If you’re in receipt of Housing Costs through Universal Credit, we will consider paying either yourself or your Landlord, depending on your circumstances, but again we may look to pay the DHP to your landlord - especially if you have rent arrears and your tenancy needs protecting.
What happens if my circumstances change?
You need to contact us straight away if your circumstances change. We will then look again at our decision and may need to reduce or stop your award.
What can I do if I am struggling to pay my rent?
Review all of your expenditure
It may be that you need to budget better, reduce your none-essential expenditure or check that you are not paying more than you need to for essential expenditure.
The following organisations are able to offer advice on budgeting:
- Citizens Advice helps people resolve their legal, money and other problems by providing free, independent advice. Visit the Citizens Advice website.
- Age UK - Age Concern and Help the Aged have joined forces to become Age UK. They provide a wide range of information and advice. Visit the Age UK website.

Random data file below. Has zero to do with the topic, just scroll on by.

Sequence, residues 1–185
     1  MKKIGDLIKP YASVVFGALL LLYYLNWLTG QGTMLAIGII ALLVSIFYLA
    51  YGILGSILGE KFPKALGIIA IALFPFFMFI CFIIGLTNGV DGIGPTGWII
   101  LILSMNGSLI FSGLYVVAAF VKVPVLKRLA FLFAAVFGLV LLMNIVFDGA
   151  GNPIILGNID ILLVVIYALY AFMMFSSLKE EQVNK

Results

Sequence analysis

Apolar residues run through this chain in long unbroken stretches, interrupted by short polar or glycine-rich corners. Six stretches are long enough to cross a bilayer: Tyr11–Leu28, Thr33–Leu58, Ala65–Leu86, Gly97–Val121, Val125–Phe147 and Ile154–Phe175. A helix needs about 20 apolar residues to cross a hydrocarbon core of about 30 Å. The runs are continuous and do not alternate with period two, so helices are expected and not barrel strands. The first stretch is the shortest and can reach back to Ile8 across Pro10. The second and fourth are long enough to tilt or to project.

- Money Advice Service are an independent service set up by the Government to help people make the most of their money. They give free and unbiased money advice. Visit the Money Advice Service website.
Check to see if you can increase your income
Are you receiving all the benefits or grants you are entitled to? Could you or your partner take a job or work additional hours? Could other family members who live with you, for example a grown-up son or daughter, contribute more to your household expenses? Could you take on a lodger?
Child Maintenance Options is a free service that provides impartial advice and support to help separated parents make decisions about their child maintenance arrangements. Visit the Child Maintenance Options website.
The following organisations can help you check if you are in receipt of the benefits you are entitled to:
- Turn2us is a charitable service that helps people access the money available to them through welfare benefits, grants and other help. Visit the Turn2us website